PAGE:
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Responding to backlash, Delta brings queer sex scenes back to in-flight movies

Delta will restore the same-sex love scenes it edited out of in-flight versions of Booksmart and Rocketman, the airline announced on Friday. The carrier came under fire last week when passengers noticed that key same-sex love scenes had been censored out of both films — while profanity, physical violence, and heteronormative sex was deemed perfectly appropriate.

“They didn’t cut ANY cursing,” Booksmart director Olivia Wilde tweeted. “Every ‘fuck’ is heard loud and clear, sometimes in the same scene where they muted ‘vagina.’ What message is this sending to viewers and especially to women? That their bodies are obscene? That their sexuality is shameful?”

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Delta told Variety that until the airline came under fire last week, it hadn’t realized it was screening versions of the films that omitted key LGBTQ+ themes. “Studios often provide videos in two forms: a theatrical, original version and an edited version. We selected the edited version and now realize content well within our guidelines was unnecessarily excluded from both films,” airline spokesperson Emma Protis said.

“The studio has agreed to provide a special Delta edit that retains the LGBTQ+ love scenes in both ‘Booksmart’ and ‘Rocketman’ that will be on our flights as soon as possible. We are working to make sure this doesn’t happen again,” she added. “Currently, we have Gentleman Jack, Imagine Me and You, and Moonlight onboard and countless content in the past that clearly shows it is not our practice to omit LGBTQ+ love scenes.”

But Delta also got caught editing queer themes out of Carol and Bad Moms in 2015 and 2016, respectively. In 2017, the airline vowed to no longer edit movies “beyond omitting explicit material to remove scenes that reflect the diversity of our employees and customers.” It’s a policy that clearly hasn’t been successfully enacted yet.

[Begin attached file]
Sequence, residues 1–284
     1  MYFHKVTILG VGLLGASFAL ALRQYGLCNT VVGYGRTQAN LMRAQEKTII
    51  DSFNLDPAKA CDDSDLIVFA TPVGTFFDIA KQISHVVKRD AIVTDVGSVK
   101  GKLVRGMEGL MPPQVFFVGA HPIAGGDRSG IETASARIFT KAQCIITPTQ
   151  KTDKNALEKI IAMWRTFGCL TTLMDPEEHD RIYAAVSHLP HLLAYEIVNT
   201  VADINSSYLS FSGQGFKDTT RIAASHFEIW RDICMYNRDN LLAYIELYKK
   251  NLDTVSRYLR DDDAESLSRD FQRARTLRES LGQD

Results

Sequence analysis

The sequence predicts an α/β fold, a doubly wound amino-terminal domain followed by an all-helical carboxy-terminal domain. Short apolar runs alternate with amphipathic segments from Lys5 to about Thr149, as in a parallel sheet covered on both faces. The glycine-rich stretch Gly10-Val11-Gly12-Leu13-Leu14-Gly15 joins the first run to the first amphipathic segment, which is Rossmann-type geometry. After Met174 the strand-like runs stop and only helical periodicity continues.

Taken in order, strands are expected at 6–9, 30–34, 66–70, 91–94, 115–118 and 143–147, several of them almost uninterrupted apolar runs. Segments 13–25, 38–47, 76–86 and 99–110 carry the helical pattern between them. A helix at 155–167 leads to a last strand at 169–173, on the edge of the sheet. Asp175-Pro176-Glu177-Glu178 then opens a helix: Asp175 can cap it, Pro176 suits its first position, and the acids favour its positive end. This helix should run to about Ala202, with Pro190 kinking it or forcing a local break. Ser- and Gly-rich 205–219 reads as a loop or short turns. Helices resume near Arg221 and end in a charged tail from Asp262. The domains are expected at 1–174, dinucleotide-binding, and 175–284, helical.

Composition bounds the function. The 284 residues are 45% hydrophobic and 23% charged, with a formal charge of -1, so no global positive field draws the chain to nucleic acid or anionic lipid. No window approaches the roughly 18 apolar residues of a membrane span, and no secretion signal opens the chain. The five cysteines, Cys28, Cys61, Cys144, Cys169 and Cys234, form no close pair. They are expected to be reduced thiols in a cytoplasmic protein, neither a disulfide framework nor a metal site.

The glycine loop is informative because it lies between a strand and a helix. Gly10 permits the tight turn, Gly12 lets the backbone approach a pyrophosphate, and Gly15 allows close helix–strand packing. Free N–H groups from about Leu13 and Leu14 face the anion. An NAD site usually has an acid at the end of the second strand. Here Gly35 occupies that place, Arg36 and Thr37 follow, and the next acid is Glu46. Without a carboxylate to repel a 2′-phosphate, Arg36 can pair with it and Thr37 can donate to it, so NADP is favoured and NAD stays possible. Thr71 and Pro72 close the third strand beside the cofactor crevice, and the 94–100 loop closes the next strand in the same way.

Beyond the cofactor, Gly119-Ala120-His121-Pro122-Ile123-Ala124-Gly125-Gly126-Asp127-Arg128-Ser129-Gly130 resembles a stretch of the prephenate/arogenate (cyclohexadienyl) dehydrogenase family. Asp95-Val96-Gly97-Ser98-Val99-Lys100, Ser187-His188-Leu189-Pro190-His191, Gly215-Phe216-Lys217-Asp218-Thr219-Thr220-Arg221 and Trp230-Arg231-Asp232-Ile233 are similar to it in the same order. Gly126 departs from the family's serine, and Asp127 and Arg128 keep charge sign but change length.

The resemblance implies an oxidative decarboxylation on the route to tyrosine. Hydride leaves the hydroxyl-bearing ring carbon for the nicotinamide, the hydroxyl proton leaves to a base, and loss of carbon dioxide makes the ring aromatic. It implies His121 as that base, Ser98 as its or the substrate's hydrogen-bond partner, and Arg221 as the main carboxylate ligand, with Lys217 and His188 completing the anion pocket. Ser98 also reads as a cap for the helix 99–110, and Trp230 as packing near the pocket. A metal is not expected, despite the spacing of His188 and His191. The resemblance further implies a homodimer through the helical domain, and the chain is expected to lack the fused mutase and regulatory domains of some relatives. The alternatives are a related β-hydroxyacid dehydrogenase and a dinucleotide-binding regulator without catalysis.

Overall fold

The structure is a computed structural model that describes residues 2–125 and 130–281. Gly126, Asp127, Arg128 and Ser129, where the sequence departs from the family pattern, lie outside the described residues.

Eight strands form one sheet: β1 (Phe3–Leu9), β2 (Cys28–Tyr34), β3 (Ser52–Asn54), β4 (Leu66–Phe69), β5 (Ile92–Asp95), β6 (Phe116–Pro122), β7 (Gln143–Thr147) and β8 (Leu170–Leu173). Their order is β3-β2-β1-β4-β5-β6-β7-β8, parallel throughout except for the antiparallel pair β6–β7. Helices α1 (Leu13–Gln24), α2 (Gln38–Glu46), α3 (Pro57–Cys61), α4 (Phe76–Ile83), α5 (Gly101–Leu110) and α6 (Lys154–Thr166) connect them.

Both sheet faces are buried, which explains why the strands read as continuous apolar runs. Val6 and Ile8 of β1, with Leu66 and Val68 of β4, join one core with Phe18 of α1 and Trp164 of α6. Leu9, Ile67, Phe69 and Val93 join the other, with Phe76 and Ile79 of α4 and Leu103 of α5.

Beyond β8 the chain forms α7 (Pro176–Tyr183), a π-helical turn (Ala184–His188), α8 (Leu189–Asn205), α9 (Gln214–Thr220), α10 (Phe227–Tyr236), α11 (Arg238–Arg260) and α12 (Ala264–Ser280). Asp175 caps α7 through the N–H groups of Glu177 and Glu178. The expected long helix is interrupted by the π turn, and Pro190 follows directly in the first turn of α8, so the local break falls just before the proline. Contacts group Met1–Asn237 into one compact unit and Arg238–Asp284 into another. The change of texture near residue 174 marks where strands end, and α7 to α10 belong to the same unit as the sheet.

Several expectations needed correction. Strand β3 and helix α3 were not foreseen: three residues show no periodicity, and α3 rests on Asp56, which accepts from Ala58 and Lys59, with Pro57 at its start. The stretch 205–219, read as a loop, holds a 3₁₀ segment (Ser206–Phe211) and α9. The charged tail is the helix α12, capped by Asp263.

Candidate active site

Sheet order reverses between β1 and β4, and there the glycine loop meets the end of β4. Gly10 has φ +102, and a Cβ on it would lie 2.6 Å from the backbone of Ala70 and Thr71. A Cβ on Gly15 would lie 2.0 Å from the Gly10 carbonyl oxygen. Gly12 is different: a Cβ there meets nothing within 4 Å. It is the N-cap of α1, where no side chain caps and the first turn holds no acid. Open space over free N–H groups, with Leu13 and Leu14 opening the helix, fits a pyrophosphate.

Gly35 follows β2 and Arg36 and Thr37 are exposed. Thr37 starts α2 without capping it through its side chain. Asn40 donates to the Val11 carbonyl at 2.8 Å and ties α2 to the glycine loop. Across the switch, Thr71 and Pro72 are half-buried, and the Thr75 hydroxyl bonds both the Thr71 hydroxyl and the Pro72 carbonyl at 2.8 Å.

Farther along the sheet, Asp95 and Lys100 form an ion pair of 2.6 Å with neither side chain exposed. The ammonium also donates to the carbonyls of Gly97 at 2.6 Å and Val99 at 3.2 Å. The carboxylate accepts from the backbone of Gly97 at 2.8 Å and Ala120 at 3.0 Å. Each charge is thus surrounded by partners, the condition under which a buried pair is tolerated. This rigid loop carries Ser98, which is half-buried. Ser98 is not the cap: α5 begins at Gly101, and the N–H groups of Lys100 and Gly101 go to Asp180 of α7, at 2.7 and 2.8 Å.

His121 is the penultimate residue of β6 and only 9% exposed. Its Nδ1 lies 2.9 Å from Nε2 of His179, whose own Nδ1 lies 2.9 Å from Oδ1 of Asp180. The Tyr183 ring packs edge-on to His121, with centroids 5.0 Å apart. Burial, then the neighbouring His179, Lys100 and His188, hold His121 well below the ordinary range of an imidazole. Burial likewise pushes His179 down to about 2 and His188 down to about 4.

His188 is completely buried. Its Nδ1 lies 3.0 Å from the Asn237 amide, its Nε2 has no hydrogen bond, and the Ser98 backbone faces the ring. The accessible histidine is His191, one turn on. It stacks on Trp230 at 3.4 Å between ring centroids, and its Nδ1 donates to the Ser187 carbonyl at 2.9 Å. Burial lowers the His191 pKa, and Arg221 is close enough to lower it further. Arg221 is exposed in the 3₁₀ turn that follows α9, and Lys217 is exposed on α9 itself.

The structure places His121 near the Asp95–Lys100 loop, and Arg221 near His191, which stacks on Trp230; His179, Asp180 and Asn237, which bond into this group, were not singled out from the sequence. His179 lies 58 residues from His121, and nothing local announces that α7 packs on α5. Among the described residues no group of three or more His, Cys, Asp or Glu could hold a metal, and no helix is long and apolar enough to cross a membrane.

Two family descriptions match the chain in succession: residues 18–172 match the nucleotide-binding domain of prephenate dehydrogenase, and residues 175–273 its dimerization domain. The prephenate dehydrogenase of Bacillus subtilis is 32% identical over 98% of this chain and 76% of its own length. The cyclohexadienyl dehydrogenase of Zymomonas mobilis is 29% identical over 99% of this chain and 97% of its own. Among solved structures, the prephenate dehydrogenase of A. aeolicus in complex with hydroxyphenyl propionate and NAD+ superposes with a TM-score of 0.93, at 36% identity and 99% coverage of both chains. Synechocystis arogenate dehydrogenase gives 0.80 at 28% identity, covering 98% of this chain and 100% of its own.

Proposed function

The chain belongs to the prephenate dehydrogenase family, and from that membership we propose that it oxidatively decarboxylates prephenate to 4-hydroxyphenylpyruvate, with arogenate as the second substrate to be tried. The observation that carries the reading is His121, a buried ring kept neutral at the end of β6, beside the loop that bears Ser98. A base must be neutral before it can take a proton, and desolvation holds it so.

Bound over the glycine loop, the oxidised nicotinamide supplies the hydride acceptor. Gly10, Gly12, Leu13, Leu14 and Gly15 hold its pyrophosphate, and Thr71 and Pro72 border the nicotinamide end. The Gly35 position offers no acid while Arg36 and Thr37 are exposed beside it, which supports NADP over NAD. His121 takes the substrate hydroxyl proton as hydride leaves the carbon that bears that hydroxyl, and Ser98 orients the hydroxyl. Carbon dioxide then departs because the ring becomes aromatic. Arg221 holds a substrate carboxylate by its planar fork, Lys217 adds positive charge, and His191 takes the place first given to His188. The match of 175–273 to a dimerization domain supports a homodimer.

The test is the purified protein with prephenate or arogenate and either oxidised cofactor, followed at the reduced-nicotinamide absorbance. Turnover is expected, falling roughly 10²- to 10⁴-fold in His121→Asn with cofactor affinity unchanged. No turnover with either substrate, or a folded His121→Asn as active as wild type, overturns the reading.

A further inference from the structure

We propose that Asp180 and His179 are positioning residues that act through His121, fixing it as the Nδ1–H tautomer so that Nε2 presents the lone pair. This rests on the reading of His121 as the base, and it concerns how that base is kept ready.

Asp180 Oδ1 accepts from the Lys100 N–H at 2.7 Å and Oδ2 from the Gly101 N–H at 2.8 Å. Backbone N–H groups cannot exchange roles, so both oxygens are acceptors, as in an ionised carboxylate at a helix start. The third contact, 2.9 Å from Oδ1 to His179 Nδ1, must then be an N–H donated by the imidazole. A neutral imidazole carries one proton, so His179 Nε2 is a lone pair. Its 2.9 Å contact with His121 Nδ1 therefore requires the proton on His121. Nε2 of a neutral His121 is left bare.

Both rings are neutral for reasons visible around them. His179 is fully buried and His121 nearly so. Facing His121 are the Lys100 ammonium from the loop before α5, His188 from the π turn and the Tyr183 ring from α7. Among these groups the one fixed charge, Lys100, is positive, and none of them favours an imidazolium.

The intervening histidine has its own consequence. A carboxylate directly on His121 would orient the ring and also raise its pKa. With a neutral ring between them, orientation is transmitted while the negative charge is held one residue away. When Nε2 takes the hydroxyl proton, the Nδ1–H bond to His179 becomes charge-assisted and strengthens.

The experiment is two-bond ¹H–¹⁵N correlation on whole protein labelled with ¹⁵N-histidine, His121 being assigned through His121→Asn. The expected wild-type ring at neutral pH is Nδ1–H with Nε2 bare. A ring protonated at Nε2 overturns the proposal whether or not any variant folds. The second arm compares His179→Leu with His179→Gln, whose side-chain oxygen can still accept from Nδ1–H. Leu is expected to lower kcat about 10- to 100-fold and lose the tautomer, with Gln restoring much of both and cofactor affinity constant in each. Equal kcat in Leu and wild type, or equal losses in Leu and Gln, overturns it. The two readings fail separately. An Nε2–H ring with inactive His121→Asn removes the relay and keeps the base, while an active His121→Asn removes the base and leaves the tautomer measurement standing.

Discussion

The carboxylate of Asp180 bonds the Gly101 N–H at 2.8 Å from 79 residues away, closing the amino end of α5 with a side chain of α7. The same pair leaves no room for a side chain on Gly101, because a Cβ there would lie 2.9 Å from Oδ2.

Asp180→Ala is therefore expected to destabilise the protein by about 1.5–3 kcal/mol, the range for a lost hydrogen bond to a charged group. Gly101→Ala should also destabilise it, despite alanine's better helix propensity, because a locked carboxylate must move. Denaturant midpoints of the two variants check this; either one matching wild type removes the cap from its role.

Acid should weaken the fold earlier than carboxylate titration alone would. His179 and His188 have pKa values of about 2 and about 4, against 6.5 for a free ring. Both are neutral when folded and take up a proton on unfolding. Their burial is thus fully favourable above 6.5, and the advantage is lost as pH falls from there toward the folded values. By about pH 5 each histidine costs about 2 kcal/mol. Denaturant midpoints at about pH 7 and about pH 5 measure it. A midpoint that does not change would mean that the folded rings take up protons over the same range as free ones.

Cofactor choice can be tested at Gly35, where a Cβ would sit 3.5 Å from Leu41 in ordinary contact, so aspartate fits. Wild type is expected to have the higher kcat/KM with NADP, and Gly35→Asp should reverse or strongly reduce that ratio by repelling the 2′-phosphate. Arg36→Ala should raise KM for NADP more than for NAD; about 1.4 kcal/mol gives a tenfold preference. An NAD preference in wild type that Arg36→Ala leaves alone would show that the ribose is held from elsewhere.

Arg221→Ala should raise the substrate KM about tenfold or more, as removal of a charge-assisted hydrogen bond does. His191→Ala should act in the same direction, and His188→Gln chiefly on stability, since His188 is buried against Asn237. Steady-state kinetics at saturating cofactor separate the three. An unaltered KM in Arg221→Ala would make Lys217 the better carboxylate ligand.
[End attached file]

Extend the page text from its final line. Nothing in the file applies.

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The airline blamed its third-party in-flight entertainment provider for the Booksmart and Rocketman gaffes. But according to The Points Guy, who spoke with a number of companies that edit in-flight films, the buck stops with the airlines themselves. “Each airline will provide the distributors with their censorship guidelines and distributors will work with them on the edits,” Jovitah Toh, CEO of Hong Kong-based Encore Inflight Limited, said. “For example, nudity, implicit sex scenes, religious representations, plane crashes, competitor airlines’ logos, swear words, and images or mention of pigs or pork for Muslim carriers are the general items that are edited.”

“We dub and edit movies for global audiences, including children on board, and at the same time we are required to obey local laws and local religious sensitivities [...] across Europe, the Americas, Asia, Middle East and Africa,” said Mike Miller, vice president of corporate communications for Global Eagle, which calls itself the leading onboard film, TV, gaming, and music provider for airlines. “Each airline has its own requests and we respect our customers’ wishes,” he added.